In agriculture, amino acids are widely employed as feed additives. It is important to note that many plant-based protein sources contain insufficient amounts of specific amino acids such as lysine, leucine, methionine, threonine, and tryptophan. Therefore, to enrich animal feed, these key amino acids are added to the diet.
However, the application of amino acids is not limited solely to the aforementioned industries. In recent years, with the increasing interest in ecological alternative solutions, amino acids have found utility in various emerging fields, such as the manufacturing of bioplastics and biofuels. Amino acids have become crucial components in creating new materials that can be more environmentally friendly and sustainable.
Problems in the production of amino acids
Private-label amino acid manufacturing is a complex process that requires a high degree of professionalism. Taking care of even the smallest aspects of working with amino acids is essential because challenges await at every step. Dealing with them will not be difficult if you are familiar with their specifics and their impact on the manufacturing stages.
- Cost of manufacturing: Creating amino acids from scratch is not feasible; it is a highly labour-intensive process that demands special equipment and technologies. One should be prepared for financial expenses as it will be necessary to procure laboratory, measuring, and distribution equipment.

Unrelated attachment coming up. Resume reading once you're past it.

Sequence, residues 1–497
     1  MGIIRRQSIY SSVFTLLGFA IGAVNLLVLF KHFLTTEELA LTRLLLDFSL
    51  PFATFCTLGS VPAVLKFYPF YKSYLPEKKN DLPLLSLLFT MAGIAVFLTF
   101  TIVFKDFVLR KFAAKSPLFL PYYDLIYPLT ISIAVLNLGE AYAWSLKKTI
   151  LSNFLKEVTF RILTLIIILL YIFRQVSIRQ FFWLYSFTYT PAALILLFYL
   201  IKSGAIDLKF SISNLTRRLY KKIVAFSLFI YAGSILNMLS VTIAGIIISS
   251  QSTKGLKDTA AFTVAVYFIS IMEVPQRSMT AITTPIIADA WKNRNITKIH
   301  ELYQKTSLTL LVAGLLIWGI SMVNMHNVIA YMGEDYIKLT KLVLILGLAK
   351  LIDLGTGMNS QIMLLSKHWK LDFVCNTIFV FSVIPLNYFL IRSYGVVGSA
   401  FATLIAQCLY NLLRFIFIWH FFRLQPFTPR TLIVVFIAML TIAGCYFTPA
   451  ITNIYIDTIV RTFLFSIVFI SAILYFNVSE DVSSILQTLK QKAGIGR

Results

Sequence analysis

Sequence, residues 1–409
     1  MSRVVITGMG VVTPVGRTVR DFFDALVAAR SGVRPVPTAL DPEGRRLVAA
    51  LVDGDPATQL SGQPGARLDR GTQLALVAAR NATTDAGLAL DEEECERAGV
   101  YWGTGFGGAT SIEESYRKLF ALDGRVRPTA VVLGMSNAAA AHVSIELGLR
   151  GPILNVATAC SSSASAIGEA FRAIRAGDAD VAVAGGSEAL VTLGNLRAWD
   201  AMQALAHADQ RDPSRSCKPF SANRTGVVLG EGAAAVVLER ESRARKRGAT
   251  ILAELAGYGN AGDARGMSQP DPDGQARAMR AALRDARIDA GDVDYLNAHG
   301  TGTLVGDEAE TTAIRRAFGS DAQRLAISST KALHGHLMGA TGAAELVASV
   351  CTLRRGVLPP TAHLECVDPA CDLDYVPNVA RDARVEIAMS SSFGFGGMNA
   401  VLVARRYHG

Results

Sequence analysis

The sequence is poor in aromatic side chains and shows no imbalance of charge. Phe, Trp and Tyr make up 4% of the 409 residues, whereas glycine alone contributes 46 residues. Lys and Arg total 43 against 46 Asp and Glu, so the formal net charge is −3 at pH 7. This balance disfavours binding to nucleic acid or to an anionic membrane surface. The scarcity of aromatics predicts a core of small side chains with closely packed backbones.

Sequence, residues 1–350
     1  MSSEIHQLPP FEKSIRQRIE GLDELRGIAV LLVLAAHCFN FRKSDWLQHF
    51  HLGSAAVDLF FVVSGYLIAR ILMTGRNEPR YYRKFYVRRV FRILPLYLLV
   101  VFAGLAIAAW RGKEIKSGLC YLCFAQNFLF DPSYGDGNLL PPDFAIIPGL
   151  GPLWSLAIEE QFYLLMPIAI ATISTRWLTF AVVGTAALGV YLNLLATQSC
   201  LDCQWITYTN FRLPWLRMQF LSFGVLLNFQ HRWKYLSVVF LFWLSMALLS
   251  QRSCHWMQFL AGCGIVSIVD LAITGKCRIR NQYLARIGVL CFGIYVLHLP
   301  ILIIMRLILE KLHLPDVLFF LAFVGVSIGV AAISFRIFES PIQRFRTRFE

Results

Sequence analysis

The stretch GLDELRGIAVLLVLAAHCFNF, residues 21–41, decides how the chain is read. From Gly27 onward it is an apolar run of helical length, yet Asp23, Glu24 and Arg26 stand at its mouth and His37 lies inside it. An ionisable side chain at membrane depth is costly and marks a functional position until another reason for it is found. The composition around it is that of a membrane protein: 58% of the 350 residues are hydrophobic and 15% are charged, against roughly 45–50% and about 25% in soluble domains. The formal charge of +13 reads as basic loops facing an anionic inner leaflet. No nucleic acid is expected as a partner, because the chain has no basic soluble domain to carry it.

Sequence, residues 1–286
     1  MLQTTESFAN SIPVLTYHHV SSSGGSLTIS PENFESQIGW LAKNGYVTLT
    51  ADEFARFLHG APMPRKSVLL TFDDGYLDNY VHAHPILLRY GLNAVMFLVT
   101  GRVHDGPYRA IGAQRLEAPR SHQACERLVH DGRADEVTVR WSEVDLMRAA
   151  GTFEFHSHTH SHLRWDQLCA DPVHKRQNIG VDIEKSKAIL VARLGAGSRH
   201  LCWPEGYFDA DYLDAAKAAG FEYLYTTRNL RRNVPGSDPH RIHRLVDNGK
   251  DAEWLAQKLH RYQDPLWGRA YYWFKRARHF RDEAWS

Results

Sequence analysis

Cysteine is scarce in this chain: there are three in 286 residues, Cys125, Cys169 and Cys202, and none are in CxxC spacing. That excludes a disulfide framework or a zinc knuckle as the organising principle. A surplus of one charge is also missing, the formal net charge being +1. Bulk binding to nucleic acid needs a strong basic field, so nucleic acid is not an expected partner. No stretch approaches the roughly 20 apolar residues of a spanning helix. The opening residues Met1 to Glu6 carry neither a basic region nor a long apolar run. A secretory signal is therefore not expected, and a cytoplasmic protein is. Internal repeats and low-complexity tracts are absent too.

- Need for reliable raw material sources: The source and quality of raw materials significantly influence the final product. Ensuring reliable supplies of raw materials can be a challenging task, especially when suppliers are located in different regions and countries. However, to establish stable manufacturing, it is crucial to enter into contracts with representatives and thoroughly inspect materials for quality.
- Impact of the manufacturing process on the environment: Certain stages of amino acid manufacturing can be potentially harmful to the environment. Waste and emissions are aspects that require special attention, as they can have a negative impact on ecology and health. It is important to choose a suitable location for manufacturing and prioritise environmentally friendly methods and technologies.
With the growing interest in a healthy lifestyle and products with efficient functionality, the manufacturing of amino acids continues to hold a significant position in the food and pharmaceutical industries. Innovative methods and manufacturing technologies constantly emerge, enabling the offering of more effective and safe amino acid supplements, thereby enhancing the quality of life for consumers. Ultimately, the prospects of this industry leave no room for doubts, as health benefits remain a timeless and relevant trend.